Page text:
Arcand was addicted to morphine and Ritalin and had attempted suicide in the past, her friend, Gordon Mills, testified. Arcand, who had warrants for her arrest for breaching court orders, had told him that day she would kill herself if she ever had to go to jail.

Arcand also told arresting officer Spott that she was "a rat" and that she was "done." At the police station, she asked to talk to a drug officer and asked him if he could get her out of jail if she gave him information.

After that officer said there was nothing he could do, Arcand asked to speak to a lawyer and was put on the phone with a legal aid lawyer, Yanik said. They had a five-minute talk, then Yanik took Arcand to a cell and gave her a sheet, magazines and a cup.

Police said Arcand seemed drunk and "skittish," sometimes moving erratically or waving her hands.

On Feb. 16, the day before Arcand's arrest, Mills had taken her to a hospital emergency ward for help coping with withdrawal symptoms. It had been seven days since she last used morphine. She was given medication "to take the edge off," Mills said.

On the morning of Feb. 17, Arcand visited a doctor at a walk-in clinic and obtained other medication.

The autopsy showed Arcand died from air blockage caused by the ligature around her neck, pathologist Dr. Qinglong Hu said. Toxicology reports show Arcand had therapeutic amounts of two sedatives as well as codeine, acetaminophen, caffeine and a blood-alcohol level of .04. The combination of drugs could have exaggerated their effects, Hu said.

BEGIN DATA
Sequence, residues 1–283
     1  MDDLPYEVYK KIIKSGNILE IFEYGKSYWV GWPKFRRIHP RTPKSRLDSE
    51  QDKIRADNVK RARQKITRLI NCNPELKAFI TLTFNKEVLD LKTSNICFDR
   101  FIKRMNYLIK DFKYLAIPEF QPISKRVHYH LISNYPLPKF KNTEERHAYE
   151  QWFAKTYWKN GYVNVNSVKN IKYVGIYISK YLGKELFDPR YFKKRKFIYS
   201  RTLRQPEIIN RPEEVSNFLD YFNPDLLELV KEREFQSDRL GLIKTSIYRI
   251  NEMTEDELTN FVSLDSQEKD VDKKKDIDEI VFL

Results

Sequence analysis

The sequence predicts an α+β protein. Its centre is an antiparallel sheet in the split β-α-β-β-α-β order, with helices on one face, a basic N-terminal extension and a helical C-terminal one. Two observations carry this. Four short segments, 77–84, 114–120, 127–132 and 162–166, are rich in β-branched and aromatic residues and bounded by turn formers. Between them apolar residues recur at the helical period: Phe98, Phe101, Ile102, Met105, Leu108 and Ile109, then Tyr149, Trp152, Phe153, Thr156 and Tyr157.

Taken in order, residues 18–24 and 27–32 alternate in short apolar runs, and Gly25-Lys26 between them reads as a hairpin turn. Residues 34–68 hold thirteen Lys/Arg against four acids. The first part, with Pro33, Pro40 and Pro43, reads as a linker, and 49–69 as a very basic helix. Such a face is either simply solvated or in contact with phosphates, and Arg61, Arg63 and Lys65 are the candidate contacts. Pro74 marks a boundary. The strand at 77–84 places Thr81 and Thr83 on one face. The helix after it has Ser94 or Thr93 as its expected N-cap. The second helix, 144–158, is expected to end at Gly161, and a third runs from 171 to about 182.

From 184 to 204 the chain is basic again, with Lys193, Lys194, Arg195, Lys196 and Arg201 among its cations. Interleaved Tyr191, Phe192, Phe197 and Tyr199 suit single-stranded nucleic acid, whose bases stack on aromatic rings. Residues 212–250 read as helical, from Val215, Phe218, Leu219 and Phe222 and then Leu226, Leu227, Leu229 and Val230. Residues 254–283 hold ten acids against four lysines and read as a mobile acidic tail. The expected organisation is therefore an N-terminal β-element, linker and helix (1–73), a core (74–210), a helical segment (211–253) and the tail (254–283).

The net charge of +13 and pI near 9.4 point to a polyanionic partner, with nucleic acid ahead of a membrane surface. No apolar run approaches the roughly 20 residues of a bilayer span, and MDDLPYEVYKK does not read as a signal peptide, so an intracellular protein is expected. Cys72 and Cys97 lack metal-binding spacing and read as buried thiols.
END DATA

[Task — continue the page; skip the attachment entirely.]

Yanik worked that night with five-year constable Matt Ward, who was new to the area, making Yanik the more experienced of the pair staffing detention. Both were overseen by a sergeant, who was also responsible for the communication centre just down the hall.

Spott's warning, and probably an alert in the local police computer records that Arcand had once tried to hang herself in a police cruiser, had resulted in a large red "S" for suicide risk being written at the top of the booking form for easy notice, Yanik said.

Officers must use suicide precautions if the red S indicates the prisoner has made current comments about harming themselves, Yanik said.

But officers can use their own discretion in applying the precautions if the red S was put on because police records show they were a risk at some time in the past, she said.

Such flags on the older record may no longer be pertinent and police are reluctant to deny prisoners their basic rights, Ward said.

The red S is the same whether the suicide threat is current or old.

The inquest continues today.